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Why Giving HUGGS is Saving Lives

Let me assure you that this is NOT a call for donations.

What I am asking is the following:

For you to consider carrying HUGG pieces in your church book stores, coffee shops, gift shops and lobbies.

For church leaders to learn more about a movement that seeks to create jobs in impoverished communities such as Haiti. We should be casting a vote to support artisans like Max by using our purchasing dollars for good. 100% of HUGG sales go back into our operations to create more jobs in Haiti. But more importantly, your purchase is saving lives. 

Let me explain HOW:

Two weeks ago, I had the privilege of meeting with the Association to Save the Children in Canaan and Onaville.

This committee was founded on the principles that all children have the right to shelter, education and access to food. Canaan is located about 10 miles outside of the capital city of Port-au-Prince. It is a post-earthquake, make-shift city settled on dry dusty hills with no plumbing nor electricity. It is a hard place for a family to carve out a living, but it is even harder for the children that drifted to this settlement without an adult to care for them.

Max, a HandUp artisan, knows just how hard it is to be an orphaned child in Haiti. He found himself a homeless teenager in Canaan. Although he loved his village, he knew that God was calling him to the city of Port-au-Prince. He didn’t know what he would find there, but he knew the answers were ahead of him.

After a few months of living on the streets of Port-au-Prince, Max was approached by a young man by the name of Patrick. Patrick had just aged out of an orphanage and was living with 6 other young men who had transitioned from the same boys’ home. Later Patrick would share with me the reason he was drawn to Max.

“I knew we needed someone like Max in the apartment. We needed someone to teach us more about the Bible and Jesus.”

After several visits with this young evangelist, Patrick invited Max into the tiny 3-room apartment he and the other young men shared. It wasn’t long before Max carved his place within this band of brothers. It would be months still before I’d show up in their apartment, asking these young men whether they wanted a job. These 8 would become the backbone of the HandUp program.

As soon as Max started receiving a steady income through HandUp, he went back to Canaan. It was simple at first. He started out by purchasing rice, beans and oil for a local lady to cook for some of the orphans there. Then it grew to him building a shanty for 16 parentless children.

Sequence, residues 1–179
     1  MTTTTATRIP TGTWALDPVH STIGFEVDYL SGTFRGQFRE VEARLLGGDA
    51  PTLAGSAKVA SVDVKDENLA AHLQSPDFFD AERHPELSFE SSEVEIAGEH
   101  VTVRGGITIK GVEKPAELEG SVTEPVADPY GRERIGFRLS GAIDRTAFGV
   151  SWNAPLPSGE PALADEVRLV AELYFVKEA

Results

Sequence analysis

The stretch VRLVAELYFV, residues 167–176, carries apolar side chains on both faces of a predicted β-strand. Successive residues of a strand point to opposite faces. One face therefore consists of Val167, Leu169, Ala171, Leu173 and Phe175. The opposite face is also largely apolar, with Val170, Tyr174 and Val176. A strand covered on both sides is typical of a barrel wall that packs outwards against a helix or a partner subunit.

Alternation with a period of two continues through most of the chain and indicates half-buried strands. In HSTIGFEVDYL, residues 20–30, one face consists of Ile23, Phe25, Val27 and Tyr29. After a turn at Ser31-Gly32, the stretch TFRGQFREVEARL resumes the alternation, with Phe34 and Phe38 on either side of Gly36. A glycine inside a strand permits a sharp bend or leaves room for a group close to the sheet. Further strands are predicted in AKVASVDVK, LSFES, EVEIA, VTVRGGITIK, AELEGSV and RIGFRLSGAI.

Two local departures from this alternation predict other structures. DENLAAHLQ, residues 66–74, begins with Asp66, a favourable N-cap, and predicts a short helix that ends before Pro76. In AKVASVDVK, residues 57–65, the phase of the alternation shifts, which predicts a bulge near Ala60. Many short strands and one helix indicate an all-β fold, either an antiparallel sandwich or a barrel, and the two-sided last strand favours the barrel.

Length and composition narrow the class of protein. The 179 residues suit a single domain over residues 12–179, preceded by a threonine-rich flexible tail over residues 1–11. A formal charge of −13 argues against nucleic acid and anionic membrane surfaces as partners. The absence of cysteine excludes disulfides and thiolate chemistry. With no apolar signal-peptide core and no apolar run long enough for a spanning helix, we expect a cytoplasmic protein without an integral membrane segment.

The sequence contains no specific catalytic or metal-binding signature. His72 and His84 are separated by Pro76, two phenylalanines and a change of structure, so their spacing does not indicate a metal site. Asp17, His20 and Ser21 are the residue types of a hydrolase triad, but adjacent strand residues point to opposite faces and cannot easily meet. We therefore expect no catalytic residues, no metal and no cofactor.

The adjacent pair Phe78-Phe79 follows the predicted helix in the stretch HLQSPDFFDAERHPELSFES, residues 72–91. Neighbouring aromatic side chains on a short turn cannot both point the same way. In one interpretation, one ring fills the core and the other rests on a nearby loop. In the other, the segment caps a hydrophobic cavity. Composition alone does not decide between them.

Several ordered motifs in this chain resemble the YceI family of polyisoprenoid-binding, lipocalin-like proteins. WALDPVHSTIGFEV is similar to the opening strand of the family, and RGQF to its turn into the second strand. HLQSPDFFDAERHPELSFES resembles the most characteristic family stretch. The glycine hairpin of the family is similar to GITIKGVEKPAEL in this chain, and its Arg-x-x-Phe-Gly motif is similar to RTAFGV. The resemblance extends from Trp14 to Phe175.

Max’s shanty for 16 children.

He had very little resources and several of the other HUGG artisans started pitching in to help meet some of the children’s basic needs. Aside from taking care of the 16 most vulnerable children, he started working with other needy children in the community. Bible studies, crafts, singing and dancing all became part of a weekly program under Max’s leadership.

But it was too much for him to bear. He witnessed two little children die simply of infections that could have been prevented with antibiotics. After this incident, my Life Group in Conroe, Texas started supporting some of Max’s efforts by providing for food costs and allowing him to set aside some savings for emergencies.

These extra funds were the catalyst that Max needed to jumpstart his program. He formed a committee with HandUp artisans and local community members to bolster their efforts towards saving children from the grips of poverty.

Under Max’s leadership, the group has committed to taking care of 12 of the 16 orphans under Max’s care. The 12 boys will be living in a one-room house rented just for them. The rest of the group are girls and I will save their story for another day. We will continue to partner with the committee until we’ve placed each little girl in a loving home. But for now, this committee does the best they can to meet the needs of these children that God has entrusted in their care.

Max, Marcial and Richardson & the new home for Canaan boys.

Without HandUp Global Goods…

There would have been no job for Max and the other artisans.

Without a job, they would have been too busy surviving Haiti rather than helping Haiti survive and THRIVE.

Tools for Ministry

Max’s efforts to build a program in Canaan is a result of what he has learned under the leadership of HandUp staff. Education, spiritual discipleship, and mentoring are all things that have been poured into Max over the last three years. Without this holistic approach, Max would not have had the necessary skills to lead this ministry in Canaan.

A HandUp, Not a Handout

Because of one job, 16 orphans have their basic needs being met.

Because we give a handUp and not a handout, young men are experiencing a dignity attainable only through the work of their own hands.

Young Haitian men like Max must be employed, mentored, and trained so that they can be the ones to help their communities.